Lastly, once all questions had been asked and answered, I would secure the non-invasive ventilator to Chad’s face so he could breathe easier through the night. When the mask was comfortable and secure, I could finally tuck him in.

That night as I stood up next to the recliner, mustering all the strength I had to begin his bedtime routine, Chad asked for a foot bath.

A FOOT BATH? At ten o’clock at night?

How could he ask me to give him a foot bath after he knows what kind of day I’ve had? How could he expect me to do this, adding at least thirty more minutes onto his already excruciatingly long bedtime routine?

I was livid! Furious! Mad as fire—as we say in the south. 

Regardless of my reluctance, I began the process of filling up his foot bath—but I wasn’t nice about it. I wish I could tell you I joyfully filled up his foot bath and lovingly placed his feet inside, but I cannot. What I can tell you is that I not-so-patiently waited for him to finish and when he was done, I didn’t say a word. I angrily slung the couch blanket onto the floor like a two-year-old child and proceeded to grab the towel I’d sat by his chair.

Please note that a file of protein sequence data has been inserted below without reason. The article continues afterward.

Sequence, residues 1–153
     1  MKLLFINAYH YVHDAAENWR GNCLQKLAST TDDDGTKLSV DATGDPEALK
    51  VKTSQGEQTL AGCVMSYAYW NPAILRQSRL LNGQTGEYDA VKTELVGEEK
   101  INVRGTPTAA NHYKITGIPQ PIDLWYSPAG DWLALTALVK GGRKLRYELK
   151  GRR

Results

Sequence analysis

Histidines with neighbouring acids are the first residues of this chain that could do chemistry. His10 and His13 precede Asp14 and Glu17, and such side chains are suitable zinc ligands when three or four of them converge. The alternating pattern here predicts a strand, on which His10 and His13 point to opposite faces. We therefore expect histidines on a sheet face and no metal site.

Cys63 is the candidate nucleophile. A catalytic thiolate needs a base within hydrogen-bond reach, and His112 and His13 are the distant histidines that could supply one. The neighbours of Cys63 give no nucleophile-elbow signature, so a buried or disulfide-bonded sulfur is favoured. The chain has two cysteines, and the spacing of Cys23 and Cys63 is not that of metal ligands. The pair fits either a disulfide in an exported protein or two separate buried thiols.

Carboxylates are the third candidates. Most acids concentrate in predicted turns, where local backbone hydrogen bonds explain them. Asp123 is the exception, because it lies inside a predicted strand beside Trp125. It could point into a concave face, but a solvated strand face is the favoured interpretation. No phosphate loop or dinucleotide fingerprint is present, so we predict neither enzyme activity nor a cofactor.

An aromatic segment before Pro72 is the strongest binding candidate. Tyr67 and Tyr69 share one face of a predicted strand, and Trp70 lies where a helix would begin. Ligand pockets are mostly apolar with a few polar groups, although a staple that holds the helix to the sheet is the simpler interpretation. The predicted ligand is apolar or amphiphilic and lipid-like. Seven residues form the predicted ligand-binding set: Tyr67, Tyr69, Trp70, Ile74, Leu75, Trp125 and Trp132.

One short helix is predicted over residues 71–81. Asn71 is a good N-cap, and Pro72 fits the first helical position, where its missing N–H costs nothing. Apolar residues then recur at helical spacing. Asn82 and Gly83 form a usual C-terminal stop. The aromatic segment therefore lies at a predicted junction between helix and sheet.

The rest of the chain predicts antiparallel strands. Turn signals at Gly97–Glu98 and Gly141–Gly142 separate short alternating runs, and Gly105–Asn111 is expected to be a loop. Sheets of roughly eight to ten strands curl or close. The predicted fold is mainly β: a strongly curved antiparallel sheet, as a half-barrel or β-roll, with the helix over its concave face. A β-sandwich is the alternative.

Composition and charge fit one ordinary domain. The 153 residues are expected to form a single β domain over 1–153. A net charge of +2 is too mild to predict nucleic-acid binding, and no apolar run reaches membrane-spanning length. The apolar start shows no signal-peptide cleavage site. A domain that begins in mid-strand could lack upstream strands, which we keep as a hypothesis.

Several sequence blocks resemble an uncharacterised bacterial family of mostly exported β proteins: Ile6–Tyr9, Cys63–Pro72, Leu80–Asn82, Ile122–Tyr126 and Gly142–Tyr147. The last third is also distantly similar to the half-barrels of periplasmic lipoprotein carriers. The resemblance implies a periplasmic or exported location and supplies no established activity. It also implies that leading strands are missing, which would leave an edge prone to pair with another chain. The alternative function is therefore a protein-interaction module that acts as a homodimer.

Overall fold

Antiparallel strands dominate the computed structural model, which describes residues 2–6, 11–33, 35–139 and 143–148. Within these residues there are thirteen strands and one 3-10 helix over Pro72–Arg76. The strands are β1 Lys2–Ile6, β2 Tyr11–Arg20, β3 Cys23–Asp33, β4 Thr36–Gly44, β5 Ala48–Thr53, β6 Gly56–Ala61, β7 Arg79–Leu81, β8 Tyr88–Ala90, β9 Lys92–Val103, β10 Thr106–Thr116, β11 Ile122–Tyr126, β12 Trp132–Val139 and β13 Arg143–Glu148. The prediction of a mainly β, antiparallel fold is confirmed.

As I huffed and puffed and began pulling Chad’s feet out of the water, something happened. I actually looked at his feet, and for the first time, I really felt them in my palms. They were red, puffy and looked like they’d been the source of so much pain. 

Of course, I knew Chad’s body was failing, but as I lifted his feet out of the water, I realized for the first time I was in fact holding a dying man’s feet.

A man who would soon be walking in heaven. 

A man who had walked so many miles to provide for his wife and children. 

A man who was a precious child of God.